The reason this film works is because Biller is relentless in spoofing the 70's or more accurately, she spoofs the media representation and cultural self-image of the times. Biller plays Barbie as naive or foolish depending on your point of view. Biller as a filmmaker and actress must be fearless or shameless. Foremost, Biller sashays across the screen, in scene after scene, wearing the most hideous collection 70's clothing since the last Austin Powers movie. That is when she is wearing clothes. Biller spends a significant amount of the film topless. She also applies a frightening amount of green eye shadow which accentuates that strange affectation she does with her eye. When sexually aroused, she squints her right eye. The effect is to appear confused or constipated. I would accuse the filmmaker of exploiting the actress except they are the same person.Viva - Anna Biller (in headdress) during the orgy scene.The film is not to be taken seriously. Biller has crafted a series of exquisitvely memorable scenes and she strings them together with little interruption. My favorite scenes include Barbie visiting a client at a nudist colony, Barbie visits a gay hairdresser, and the climactic bacchanal where Barbie drives the partygoers into a sexual frenzy. That orgy scene is an instant classic. The orgy is a costume party so it gives Biller a chance to wear what looks to be an Aztec headdress or it could be Chinese inspired.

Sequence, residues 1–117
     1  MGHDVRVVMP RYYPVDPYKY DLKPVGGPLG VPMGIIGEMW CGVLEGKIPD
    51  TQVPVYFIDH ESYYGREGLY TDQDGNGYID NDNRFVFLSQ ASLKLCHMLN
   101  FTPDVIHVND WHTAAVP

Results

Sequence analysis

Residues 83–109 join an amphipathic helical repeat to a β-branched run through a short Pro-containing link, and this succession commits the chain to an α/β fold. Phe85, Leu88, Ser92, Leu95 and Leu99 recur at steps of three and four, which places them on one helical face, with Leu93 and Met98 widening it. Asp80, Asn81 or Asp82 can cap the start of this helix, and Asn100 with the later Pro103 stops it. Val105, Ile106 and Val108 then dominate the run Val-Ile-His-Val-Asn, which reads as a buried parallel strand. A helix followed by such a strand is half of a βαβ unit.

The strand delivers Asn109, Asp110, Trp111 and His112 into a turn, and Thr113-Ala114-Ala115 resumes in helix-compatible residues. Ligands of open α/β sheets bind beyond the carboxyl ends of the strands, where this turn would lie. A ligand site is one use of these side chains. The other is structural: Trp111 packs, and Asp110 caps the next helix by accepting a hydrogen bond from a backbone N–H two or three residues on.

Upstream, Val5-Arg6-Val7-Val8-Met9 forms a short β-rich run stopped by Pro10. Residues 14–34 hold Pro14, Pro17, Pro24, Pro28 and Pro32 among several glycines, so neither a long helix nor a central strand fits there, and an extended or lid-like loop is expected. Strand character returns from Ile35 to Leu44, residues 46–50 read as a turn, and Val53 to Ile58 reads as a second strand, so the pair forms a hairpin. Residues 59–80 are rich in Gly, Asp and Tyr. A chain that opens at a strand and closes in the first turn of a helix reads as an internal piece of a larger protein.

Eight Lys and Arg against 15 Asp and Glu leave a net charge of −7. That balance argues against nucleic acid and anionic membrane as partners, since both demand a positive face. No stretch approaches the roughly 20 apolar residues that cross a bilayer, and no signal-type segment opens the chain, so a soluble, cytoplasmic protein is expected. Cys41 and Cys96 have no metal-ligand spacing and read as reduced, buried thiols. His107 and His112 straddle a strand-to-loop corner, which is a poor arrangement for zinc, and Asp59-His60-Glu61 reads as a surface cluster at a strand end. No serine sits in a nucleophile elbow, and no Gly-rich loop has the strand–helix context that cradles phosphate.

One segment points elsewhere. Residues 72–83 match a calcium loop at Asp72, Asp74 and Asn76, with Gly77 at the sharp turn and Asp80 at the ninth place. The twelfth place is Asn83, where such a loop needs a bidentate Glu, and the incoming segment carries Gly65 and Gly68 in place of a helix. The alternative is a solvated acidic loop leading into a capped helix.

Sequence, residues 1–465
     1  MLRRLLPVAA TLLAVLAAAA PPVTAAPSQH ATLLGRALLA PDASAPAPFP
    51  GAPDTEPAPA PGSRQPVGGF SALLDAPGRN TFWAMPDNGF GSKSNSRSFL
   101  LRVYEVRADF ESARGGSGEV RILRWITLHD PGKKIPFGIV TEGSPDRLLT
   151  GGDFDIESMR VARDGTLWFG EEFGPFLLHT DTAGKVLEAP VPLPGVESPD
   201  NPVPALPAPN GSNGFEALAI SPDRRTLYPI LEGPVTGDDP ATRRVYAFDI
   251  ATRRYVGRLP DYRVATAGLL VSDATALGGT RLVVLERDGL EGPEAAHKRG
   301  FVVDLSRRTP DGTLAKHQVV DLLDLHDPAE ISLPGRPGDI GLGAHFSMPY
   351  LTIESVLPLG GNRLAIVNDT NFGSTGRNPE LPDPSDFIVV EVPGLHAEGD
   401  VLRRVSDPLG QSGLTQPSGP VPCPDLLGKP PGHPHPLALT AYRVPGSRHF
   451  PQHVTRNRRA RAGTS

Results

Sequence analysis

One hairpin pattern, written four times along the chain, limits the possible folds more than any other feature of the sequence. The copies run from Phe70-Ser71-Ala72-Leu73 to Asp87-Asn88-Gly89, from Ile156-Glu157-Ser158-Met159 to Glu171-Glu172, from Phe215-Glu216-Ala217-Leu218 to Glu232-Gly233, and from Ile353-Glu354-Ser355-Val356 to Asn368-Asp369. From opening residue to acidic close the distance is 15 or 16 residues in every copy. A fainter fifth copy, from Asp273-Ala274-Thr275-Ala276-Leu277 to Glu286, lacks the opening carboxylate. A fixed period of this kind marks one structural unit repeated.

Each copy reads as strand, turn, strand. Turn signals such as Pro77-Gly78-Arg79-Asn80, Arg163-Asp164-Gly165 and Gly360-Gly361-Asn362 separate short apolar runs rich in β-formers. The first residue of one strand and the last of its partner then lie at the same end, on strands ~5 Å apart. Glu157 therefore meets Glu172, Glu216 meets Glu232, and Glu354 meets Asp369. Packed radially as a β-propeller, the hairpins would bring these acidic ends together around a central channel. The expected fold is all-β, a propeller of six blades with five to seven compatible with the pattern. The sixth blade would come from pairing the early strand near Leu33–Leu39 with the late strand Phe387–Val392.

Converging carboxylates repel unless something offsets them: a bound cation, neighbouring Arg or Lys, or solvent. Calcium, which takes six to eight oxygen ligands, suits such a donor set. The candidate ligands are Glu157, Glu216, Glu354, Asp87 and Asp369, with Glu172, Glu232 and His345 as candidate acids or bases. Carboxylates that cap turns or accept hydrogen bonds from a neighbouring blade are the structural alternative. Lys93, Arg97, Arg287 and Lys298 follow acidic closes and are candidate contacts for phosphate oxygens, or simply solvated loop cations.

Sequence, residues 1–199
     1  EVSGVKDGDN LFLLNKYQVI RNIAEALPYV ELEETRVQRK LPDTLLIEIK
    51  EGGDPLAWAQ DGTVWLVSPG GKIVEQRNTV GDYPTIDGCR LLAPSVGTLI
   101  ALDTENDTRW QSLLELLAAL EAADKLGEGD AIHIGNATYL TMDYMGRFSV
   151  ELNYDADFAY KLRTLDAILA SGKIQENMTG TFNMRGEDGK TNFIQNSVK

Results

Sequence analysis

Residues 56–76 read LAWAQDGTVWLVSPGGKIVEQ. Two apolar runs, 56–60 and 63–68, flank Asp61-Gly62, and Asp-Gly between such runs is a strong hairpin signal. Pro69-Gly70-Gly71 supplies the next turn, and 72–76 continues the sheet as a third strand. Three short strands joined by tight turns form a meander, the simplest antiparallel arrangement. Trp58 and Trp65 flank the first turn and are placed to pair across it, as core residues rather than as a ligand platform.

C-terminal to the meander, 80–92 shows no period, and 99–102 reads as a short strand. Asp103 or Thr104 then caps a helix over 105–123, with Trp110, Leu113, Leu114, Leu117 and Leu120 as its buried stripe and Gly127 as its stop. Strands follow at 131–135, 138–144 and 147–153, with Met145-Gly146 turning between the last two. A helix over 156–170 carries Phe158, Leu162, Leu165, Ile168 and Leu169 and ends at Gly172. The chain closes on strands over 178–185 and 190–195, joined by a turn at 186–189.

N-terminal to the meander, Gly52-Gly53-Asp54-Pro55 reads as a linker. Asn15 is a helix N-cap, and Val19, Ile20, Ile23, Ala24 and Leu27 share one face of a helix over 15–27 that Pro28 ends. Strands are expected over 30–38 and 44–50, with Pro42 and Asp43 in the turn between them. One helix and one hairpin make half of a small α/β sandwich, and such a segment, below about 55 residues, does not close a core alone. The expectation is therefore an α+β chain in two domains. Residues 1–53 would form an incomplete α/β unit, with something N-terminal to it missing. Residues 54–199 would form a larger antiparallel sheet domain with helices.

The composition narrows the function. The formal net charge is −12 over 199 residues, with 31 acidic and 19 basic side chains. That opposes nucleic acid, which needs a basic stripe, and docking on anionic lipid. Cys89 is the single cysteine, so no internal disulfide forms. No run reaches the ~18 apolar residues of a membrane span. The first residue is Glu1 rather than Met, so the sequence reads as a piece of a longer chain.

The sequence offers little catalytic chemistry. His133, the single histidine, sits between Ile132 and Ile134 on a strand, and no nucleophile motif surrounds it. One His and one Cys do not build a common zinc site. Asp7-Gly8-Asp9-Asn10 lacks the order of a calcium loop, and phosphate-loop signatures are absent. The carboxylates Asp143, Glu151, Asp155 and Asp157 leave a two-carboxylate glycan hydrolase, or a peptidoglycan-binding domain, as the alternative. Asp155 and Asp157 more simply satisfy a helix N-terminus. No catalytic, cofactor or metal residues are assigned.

I know I must be forgetting some stuff. The actors deliver their lines in an odd style that's kind of an exaggerated stage-acting with a healthy dose of self-mockery. Several of the principal actors sing, mostly off-key, lyrics such "Fly your freak flag high." If I understood the Q&A correctly, the score was "reworked" from Radley Metzger films. Metzger made porn films in the 70's so the score sounds as if Johnny "Wad" Holmes is going to show up any minute. Biller stayed true to the period if Playboy magazines are to believed. Let's just say that some of the female extras must have been prohibited from getting bikini waxes during production. Also, the nudist colony scene has the most full frontal male nudity this side of porn.